"Condi comes home," proclaimed the local radio station as the plane carrying her and the British Foreign Secretary landed yesterday. In a sense, Alabama is Ms Rice's answer to the Texas ranch where George Bush entertains the most privileged presidential visitors. Birmingham, Alabama, is the city where she spent the first 15 years of her life. And like Tony Blair in Crawford, Mr Straw is getting the treatment here.
The visit breaks new ground in the annals of top-level diplomacy. What it is not is a bid by Ms Rice to lay the ground for a possible 2008 White House run. That she most emphatically ruled out last weekend.
Rather, at least officially, it is the first of several such occasions designed to show some of her close foreign colleagues a slice of the real America beyond the impersonal halls of Washington and New York. But it is no accident that Mr Straw is first in line. Not only is Britain the closest ally of the US, especially in Iraq. The trip is also testament to the close relationship between Ms Rice and the British ambassador in Washington, Sir David Manning, forged when they were the respective national security advisers in Washington and London. Iraq, along with Iran, North Korea and other hotspots were top of the formal agenda. But these are three days of immersion in "the real America".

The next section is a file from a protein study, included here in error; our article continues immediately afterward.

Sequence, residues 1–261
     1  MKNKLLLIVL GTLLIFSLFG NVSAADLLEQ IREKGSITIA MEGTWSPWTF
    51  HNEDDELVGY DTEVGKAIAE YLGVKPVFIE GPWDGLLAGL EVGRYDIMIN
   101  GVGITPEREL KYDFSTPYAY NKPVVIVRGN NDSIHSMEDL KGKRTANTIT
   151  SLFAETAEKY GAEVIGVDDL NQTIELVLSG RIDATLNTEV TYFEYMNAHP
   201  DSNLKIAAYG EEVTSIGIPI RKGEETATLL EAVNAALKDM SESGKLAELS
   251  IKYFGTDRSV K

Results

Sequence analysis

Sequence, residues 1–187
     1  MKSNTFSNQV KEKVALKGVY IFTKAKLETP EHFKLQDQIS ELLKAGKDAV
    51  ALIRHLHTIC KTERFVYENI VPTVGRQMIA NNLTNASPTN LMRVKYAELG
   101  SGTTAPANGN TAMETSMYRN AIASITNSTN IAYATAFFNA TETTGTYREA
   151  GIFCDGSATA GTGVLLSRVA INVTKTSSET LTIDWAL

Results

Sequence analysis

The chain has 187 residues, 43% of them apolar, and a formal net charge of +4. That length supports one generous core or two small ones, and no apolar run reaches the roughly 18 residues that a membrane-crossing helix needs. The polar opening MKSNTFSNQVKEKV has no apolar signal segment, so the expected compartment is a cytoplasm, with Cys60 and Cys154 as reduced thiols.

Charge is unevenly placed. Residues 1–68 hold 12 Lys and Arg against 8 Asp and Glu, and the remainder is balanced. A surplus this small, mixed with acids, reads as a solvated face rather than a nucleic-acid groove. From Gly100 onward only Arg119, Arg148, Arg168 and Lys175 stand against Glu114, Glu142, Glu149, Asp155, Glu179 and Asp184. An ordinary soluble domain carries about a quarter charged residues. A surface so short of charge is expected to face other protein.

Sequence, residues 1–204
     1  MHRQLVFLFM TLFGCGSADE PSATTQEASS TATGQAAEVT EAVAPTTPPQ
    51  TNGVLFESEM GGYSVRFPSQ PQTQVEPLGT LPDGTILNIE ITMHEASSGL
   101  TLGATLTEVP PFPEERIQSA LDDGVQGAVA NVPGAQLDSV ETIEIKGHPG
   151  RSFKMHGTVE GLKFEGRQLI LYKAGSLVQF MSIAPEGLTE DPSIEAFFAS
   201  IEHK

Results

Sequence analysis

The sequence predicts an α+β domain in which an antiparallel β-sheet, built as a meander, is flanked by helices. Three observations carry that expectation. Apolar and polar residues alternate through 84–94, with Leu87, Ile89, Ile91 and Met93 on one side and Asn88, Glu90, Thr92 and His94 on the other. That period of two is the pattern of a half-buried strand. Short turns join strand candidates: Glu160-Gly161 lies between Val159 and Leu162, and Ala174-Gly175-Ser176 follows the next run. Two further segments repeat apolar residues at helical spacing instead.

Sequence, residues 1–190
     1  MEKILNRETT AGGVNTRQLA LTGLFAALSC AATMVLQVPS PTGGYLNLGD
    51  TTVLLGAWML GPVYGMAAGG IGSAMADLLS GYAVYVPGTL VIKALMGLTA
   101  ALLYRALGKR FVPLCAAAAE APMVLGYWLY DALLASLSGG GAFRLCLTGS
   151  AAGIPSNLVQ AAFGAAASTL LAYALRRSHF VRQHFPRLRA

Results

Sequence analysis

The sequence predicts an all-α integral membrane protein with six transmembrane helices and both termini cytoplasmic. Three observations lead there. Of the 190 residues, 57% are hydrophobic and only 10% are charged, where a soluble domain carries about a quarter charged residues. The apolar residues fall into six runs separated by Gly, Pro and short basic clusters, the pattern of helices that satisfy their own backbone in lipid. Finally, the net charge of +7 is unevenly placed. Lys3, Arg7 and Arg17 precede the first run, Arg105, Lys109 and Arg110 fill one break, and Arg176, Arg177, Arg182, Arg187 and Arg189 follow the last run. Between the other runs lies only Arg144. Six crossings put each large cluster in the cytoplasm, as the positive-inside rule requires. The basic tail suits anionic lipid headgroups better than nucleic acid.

Yesterday saw the speechesin the university town of Tuscaloosa, in which Mr Straw highlighted the historical connection between the cotton-rich region and his own mill town constituency of Blackburn. Then the Foreign Secretary and Secretary of State went to Birmingham, where they toured an elementary school and met Hurricane Katrina relief workers.
This morning, Ms Rice was due to take Mr Straw to civil rights sites, including the 16th Street Baptist Church, where four black Sunday school students, one a friend of Ms Rice, were killed in a bombing in September 1963.
In the afternoon, Mr Straw and Ms Rice are to attend the Alabama-Tennessee American football game. Mr Straw might prefer Blackburn Rovers, but gridiron is a passion of his host. She may not want to be President, but she would adore to be National Football League commissioner.
Tomorrow Mr Straw will visit the Oak Mountain centre for refugees of Hurricane Katrina.Reuse content